Bad posture often happens when one gets used to bad postural habits, such as slouching while sitting or simply leaning on 1 leg. These bad habits often enable poor posture, which affects the back and, in turn, the neck as well.
Bad posture can also result from a lack of exercise. The abs and lower back make up our core, which is what keeps our upper bodies from falling apart. If one’s core muscles are weak, it becomes harder for the spine to stay upright, which results in bad posture.
To fix bad posture, we recommend doing core-strengthening exercises for at least 5 minutes a day — even simple ab exercises, yoga, or pilates will help strengthen the core enough to reduce bad posture.
There are also specific stretches for improving posture. They should only take 5 minutes and minimal effort. But it’s important to note that these stretches must be done every day for their effects to be noticeable.
Often, we don’t notice how poorly we angle our necks, especially when staring at our computer, phone, or TV. We don’t notice it because the pain doesn’t happen right away. It happens after we maintain the position for a long period of time.
The thing is, when we slant our neck forward in such a way that our head is in front of our shoulders (rather than directly above them), the neck works extra hard to maintain that position.
This extra effort puts unnecessary stress on the neck muscles and can result in neck pain if the angle of the neck is not corrected — similar to how one’s shoulders will hurt if they stretch it out for a long enough period of time.
To correct neck position and avoid unnecessary neck pain, try the following:
- Figure out what is causing the poor neck position. Possible causes are the height of one’s computer monitor, the level at which one views their phone, the height of one’s TV, etc.
- Make sure your monitor is at eye level. If your computer monitor is too high or low, adjust the height and bring the top of the monitor to eye level. The perfect monitor height will take a few tries to get right, but it pays off in the end.
- Make sure your phone is at eye level. If you’re looking down when you use your phone, try wedging your clenched fist underneath the armpit of your phone-holding arm. Doing this brings your phone screen up to eye level. Do the same thing when you read books.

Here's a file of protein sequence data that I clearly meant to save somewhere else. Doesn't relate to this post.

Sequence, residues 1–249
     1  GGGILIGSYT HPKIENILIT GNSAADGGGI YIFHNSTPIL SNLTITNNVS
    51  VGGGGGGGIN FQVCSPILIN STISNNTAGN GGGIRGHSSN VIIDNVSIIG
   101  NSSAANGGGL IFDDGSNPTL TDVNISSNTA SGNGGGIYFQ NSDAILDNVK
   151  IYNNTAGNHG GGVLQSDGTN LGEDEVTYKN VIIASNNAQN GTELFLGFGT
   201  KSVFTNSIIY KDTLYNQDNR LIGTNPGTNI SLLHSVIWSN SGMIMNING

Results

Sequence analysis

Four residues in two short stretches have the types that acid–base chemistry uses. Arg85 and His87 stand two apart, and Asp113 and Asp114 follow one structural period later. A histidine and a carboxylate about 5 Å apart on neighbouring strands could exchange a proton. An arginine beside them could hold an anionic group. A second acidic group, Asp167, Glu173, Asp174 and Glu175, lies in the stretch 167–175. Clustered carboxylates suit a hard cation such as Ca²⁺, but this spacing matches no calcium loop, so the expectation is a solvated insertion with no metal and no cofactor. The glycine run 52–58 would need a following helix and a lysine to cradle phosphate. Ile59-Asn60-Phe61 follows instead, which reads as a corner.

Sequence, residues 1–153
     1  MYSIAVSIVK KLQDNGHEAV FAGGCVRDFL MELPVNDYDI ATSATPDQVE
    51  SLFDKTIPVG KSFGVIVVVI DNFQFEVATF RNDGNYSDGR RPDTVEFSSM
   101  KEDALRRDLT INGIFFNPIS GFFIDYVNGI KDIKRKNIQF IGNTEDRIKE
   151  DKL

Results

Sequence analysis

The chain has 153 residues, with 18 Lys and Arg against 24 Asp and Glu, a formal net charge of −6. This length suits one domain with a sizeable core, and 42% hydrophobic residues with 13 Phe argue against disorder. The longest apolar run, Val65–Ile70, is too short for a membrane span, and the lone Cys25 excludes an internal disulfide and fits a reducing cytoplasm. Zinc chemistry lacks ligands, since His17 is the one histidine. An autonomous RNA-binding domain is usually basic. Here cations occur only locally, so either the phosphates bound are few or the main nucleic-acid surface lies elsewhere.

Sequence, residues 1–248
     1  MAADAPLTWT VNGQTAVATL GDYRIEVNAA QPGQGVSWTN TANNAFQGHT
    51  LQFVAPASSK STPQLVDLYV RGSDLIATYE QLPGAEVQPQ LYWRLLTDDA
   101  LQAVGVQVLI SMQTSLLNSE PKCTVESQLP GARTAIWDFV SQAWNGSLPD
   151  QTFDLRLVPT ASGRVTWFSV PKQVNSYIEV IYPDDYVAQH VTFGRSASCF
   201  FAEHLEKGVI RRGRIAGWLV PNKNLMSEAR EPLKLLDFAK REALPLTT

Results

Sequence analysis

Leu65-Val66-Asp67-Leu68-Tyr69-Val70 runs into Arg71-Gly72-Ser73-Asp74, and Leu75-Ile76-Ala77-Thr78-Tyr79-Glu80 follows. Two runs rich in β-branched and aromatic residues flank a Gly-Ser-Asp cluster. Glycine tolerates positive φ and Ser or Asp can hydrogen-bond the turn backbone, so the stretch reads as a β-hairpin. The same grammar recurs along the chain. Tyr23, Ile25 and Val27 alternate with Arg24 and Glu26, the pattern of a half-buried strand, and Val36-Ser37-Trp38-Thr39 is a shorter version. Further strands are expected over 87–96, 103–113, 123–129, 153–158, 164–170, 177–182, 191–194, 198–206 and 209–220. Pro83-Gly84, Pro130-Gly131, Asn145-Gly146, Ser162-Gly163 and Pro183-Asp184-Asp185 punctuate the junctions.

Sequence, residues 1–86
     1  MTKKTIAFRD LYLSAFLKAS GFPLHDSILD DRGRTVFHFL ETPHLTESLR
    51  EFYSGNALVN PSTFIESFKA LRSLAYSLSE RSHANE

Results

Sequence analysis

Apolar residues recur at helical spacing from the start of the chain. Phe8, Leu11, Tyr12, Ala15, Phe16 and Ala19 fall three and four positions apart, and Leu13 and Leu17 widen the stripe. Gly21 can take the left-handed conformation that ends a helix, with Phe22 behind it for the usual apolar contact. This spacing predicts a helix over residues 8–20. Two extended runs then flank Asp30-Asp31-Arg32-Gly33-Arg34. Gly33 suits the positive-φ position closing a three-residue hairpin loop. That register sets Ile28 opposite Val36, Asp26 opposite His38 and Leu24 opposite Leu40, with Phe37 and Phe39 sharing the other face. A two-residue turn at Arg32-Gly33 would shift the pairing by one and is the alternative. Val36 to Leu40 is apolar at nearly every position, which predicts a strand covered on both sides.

- Adjust car head rest. When driving, it is also important to pay attention to one’s neck position. To prevent neck pain from occurring on a long drive, adjust your head rest so that it presses against the middle of your head. This keeps your neck in a neutral position and prevents neck pain.
Poor neck position is, thankfully, very fixable. As long as one constantly reminds themself to fix their neck position, the resulting neck pain shouldn’t last very long.
Sleeping in an awkward position has also been found to cause neck pain. Sleeping on one’s stomach tends to place strain on the neck and spin, while sleeping on one’s side can cause misalignment.
Obviously, there are exceptions to this, and it is sometimes okay to sleep on one’s stomach or side. But one should first make sure to use a pillow that supports the spine naturally in order to prevent neck pain.
Generally, it’s much better to just sleep on one’s back. This is often the best position to sleep as it lets the entire spine rest comfortably without stress.
If changing to a back-sleeping position still doesn’t work, getting a new pillow might help. Preferably one that supports and maintains the natural curve of the neck.
In some cases, neck pain can persist or worsen, often because of a condition or injury.
If any of the following has happened to you, consult your doctor immediately.
- Whiplash – a neck injury that involves a forceful, rapid back-and-forth of the neck, similar to the cracking of a whip; often caused by car collisions.
- Herniated disc – a spine injury that often occurs after a single excessive strain on the spine
- Degenerative disc disease – happens when one or more of the discs in the spinal column breaks down, often due to age or when bearing too much weight
- Osteoarthritis – can happen due to eroding cartilage and inflammation
- Spinal stenosis – can happen when the spinal canal narrows due to degeneration